Finish What You Start

I used to be the kind of person who could not start a book without finishing it.  This was a compulsion I developed in graduate school, when I was expected to learn the contents of several hundred books and be able to speak cogently about them in a three-hour oral exam, and carried through my life as a book reviewer.  No matter how long, boring, or frustratingly obfuscating I found a book, I could not “skim ahead” or set it aside until I had given every word equal scrutiny.  My belief was that someone had probably taken a long time to write that book, and someone else had taken a long time to edit it, and it was my duty as a reviewer to put the same effort into the equation.  I was even so meticulous (some might say “nerdy” or “neurotic” which I’m totally fine with) as to keep a log of everything I’d read, which I came across last night when tidying up my teetering nightstand pile.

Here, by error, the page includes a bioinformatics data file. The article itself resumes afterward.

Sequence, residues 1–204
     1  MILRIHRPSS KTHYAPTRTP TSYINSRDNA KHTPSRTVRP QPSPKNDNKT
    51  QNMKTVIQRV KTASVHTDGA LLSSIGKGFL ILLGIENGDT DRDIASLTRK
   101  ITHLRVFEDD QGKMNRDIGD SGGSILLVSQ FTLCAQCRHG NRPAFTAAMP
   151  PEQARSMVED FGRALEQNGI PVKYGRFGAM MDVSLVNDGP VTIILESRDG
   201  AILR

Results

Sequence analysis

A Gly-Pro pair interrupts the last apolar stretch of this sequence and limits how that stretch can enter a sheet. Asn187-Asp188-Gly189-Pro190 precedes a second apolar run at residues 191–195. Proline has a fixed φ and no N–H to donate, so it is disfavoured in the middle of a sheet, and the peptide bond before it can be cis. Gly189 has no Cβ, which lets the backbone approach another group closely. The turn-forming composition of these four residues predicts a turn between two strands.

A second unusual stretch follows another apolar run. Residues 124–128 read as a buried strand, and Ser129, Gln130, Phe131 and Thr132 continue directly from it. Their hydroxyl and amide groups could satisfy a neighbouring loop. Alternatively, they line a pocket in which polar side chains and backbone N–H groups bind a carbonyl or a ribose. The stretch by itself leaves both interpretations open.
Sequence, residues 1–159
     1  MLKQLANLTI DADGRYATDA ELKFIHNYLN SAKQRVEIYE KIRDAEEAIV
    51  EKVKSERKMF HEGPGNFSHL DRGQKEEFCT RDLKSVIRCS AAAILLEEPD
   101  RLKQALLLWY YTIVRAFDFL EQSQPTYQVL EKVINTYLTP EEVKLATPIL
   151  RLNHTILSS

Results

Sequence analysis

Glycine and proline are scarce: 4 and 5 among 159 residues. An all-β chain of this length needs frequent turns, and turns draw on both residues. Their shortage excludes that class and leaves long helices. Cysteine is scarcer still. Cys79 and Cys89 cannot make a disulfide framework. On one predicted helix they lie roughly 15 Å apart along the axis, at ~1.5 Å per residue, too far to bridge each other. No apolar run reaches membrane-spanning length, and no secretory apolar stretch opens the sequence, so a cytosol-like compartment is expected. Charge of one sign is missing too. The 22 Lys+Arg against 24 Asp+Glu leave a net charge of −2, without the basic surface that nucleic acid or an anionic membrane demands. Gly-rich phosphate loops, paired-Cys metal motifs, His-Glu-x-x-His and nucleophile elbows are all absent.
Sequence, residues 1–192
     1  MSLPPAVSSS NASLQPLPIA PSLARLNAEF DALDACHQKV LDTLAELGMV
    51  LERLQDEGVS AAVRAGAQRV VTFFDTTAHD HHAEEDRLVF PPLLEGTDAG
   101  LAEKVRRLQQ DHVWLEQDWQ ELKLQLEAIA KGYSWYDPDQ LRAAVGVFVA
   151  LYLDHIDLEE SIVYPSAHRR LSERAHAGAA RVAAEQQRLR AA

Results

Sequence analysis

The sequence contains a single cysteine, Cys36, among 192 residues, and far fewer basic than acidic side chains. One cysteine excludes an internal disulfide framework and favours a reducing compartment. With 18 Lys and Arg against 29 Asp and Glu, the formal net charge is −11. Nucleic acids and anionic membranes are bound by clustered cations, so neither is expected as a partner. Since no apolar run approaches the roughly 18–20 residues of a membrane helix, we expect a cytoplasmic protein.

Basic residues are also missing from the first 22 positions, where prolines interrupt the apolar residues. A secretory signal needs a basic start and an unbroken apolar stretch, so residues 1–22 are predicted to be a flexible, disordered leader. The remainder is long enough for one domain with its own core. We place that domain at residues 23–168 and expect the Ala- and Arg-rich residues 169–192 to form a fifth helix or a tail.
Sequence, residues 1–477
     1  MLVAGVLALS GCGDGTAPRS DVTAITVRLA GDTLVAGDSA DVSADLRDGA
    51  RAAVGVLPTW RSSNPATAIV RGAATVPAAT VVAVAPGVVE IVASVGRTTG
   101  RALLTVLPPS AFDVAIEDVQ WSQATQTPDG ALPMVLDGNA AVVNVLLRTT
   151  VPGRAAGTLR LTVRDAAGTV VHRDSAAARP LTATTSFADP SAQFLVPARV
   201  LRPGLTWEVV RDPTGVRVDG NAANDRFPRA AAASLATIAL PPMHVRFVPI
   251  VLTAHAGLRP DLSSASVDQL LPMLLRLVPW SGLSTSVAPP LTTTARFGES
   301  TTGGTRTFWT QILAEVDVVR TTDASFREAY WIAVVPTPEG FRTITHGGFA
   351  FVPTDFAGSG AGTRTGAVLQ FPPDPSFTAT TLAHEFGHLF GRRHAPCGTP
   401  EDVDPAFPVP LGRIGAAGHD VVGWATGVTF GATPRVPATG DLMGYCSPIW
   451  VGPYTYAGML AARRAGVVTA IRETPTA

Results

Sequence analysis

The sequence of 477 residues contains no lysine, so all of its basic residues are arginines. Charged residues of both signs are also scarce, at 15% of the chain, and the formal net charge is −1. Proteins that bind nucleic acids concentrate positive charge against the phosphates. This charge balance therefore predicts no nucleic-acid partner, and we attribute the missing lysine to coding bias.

The log ends abruptly about a year and a half ago, which was around the time I moved into the books world.  This is one of the differences between working in magazines and books, I’ve learned!  In magazines a long article might be 20,000 words, but a typical book manuscript can be 100,000, and you might have five or ten or fifteen of them to consider in one night.  You have to steal “pleasure reading” in snatches, and so the bar for what will keep you coming back across week and month (and, ok, even year) long interruptions is higher.  So although I finish fewer books now, I’m happy to say that the ones I do finish are books I find really, really good, and that I enjoy each one of them a lot more. The newly organized nightstand pile are the ones that have kept me coming back, and will definitely make that cut.

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